Student
    placeholder

    60 Minutes Producer and Alumna Speaks on Campus

    Nicole Young, “60 Minutes” producer, Emmy Award winner and graduate of The University of Scranton’s Class of 2000, discussed “Our Daily Bread: Child Hunger Here and Around the Globe” at University’s Spring Community Breakfast on April 2 on campus. From left are: Jeff Gingerich, Ph.D., provost and senior vice president for academic affairs; Young; and Julie Schumacher Cohen, director of community and government relation.
    April 9, 2019
    By: Kelsey Wynn ’21, student correspondent

    At the University’s Spring Community Breakfast, Emmy Award-winning producer of “60 Minutes,” Nicole Young, told the story of seeing starving children on a television commercial for the first time when she was 13 years old. Young said she knew that poverty existed but never to the extent she witnessed that day on television.

    “If it’s real, it shouldn’t be. And what can I do?” Young said she thought to herself.

    Young told the audience composed of Scranton area residents, faculty, staff and students that she decided to become either a humanitarian or a journalist in order to have a platform to get the world talking about global issues.

    When The University of Scranton accepted Young as a communication major, she began building her experience as a broadcast journalist in her sophomore year by accepting an internship with the Scranton affiliate for CBS News. Her internship started at 5 a.m. every Tuesday and Thursday.

    “I raised my hand, and I said ‘I’ll do it for free!’” Young said, laughing.

    Young went on to snag two subsequent internships, one in New York City and one in Washington, D.C., with CBS News before graduating from Scranton in 2000. After Young earned a master’s degree in international journalism from City, University of London, CBS News hired her to work as an assistant to Scott Pelley of “60 Minutes.”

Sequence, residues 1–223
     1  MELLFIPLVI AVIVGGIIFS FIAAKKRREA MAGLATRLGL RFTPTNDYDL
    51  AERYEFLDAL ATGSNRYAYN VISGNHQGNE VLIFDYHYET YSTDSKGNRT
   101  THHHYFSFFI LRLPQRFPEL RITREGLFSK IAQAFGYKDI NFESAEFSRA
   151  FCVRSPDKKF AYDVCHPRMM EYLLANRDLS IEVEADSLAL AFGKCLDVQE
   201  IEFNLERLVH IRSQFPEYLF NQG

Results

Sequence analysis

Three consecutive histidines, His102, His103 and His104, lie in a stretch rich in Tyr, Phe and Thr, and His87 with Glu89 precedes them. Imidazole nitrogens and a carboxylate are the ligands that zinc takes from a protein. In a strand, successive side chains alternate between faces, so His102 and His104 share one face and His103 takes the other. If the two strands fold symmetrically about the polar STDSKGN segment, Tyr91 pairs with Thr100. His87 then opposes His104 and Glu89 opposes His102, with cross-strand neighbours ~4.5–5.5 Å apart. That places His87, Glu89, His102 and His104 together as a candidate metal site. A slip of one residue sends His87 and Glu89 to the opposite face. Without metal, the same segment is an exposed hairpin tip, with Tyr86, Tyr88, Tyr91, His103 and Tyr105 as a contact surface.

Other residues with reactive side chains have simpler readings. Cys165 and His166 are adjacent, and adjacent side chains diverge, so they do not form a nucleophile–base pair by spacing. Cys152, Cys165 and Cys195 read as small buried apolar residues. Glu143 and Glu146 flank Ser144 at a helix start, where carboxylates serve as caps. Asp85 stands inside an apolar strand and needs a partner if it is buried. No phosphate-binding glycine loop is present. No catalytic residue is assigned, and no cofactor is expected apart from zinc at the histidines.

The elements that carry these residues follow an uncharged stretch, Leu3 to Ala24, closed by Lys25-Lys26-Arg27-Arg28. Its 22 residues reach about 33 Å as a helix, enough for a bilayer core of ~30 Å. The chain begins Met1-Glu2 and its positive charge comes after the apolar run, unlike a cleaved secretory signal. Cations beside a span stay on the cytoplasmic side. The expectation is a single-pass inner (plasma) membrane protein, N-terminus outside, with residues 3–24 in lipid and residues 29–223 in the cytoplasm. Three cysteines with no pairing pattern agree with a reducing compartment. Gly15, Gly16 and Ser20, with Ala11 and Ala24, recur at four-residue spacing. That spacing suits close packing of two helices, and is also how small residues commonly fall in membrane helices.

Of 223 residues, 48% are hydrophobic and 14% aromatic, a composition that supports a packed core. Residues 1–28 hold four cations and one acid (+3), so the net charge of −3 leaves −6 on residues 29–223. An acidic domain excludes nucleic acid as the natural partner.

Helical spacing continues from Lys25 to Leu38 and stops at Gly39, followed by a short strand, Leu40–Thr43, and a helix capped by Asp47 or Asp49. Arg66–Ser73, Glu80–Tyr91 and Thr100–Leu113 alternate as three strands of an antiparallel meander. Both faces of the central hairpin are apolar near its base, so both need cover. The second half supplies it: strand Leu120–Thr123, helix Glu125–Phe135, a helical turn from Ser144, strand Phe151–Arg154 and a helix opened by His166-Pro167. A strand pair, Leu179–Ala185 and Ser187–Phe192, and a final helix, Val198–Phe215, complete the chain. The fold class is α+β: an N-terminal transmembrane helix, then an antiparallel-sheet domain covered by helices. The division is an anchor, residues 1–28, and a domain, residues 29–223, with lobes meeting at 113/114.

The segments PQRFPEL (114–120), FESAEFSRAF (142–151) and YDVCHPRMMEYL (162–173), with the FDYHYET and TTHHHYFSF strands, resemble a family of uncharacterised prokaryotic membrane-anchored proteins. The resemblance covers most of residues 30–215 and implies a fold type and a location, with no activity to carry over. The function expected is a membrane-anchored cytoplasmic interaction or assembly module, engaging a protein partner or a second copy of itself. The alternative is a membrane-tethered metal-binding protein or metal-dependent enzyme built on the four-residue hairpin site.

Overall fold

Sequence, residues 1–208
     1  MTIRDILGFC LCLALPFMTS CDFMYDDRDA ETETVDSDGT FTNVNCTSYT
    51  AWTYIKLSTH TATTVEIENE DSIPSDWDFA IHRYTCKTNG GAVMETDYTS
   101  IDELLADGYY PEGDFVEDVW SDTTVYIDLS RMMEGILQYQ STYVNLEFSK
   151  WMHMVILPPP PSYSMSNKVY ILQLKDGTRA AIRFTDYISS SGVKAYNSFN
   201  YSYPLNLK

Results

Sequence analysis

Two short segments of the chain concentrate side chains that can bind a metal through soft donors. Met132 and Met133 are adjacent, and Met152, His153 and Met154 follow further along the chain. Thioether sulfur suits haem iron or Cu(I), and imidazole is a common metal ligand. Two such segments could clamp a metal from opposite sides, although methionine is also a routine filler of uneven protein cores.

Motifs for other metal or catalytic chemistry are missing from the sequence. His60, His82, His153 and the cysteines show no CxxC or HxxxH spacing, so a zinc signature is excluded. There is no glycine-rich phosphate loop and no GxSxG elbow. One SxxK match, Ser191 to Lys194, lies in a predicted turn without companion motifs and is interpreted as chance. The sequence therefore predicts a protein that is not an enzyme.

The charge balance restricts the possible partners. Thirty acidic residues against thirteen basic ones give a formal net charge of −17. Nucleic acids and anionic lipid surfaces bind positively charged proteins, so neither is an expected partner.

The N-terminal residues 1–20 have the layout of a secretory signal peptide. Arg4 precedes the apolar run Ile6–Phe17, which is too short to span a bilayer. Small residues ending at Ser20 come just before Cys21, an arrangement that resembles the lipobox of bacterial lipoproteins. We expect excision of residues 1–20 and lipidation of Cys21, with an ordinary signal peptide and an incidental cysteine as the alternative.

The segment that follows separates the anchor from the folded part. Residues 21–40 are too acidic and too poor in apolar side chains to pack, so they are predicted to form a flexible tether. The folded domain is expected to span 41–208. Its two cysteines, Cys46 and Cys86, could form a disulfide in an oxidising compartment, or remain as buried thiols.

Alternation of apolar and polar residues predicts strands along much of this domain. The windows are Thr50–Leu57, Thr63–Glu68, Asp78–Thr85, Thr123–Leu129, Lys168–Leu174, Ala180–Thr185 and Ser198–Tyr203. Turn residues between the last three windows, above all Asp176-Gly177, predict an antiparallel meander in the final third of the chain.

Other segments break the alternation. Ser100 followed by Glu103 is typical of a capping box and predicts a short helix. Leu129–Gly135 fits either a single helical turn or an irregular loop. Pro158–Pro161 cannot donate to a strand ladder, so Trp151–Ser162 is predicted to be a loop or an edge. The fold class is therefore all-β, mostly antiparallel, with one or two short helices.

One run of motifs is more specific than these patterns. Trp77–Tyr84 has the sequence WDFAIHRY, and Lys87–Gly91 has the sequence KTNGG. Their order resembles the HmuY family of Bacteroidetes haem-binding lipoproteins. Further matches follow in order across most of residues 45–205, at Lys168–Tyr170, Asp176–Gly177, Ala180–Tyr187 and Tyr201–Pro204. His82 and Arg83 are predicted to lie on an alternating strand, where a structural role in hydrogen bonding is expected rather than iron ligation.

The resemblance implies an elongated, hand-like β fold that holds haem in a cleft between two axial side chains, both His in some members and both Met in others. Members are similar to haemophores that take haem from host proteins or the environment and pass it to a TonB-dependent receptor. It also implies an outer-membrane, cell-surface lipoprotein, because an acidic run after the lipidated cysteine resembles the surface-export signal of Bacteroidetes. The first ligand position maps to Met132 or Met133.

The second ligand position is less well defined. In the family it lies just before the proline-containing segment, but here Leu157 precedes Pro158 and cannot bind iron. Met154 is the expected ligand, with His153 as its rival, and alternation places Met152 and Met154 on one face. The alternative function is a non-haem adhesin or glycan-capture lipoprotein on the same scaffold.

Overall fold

Sixteen years later, Young has won 13 Emmy Awards for her work with “60 Minutes.”

    At the Community Breakfast, Young played a compilation of several of her shows from “60 Minutes,” including “Fighting Famine,” which focuses on a rare famine emergency in South Sudan, and “War and Hunger,” a report on 10,000 people journeying 22 hours through the desert to escape ISIS and starvation by crossing the Jordanian border.

    “I’ve never seen desperation like that in my life,” Young said.

    Young said her experiences as a producer for “60 Minutes,” investigating starvation and poverty are overwhelming, yet very strangely addicting.

    “The tool to being a successful journalist,” Young said, “is being curious, wanting to go. Maybe if there were 100 of me, one child wouldn’t die today.”

    Young received a standing ovation at the end of her talk and said she was choked up about returning to Scranton after nearly 20 years.

    “The Jesuit education [at Scranton] gave me the power and strength to do the work I do,” Young said in closing.

    The breakfast was hosted by the University’s Office of Community and Government Relations and Schemel Forum.

    Kelsey Wynn ’21, Clarks Summit, is a journalism and electronic media major at The University of Scranton.
    Kelsey Wynn ’21, Clarks Summit, is a journalism and electronic media major at The University of Scranton.
    Back to Top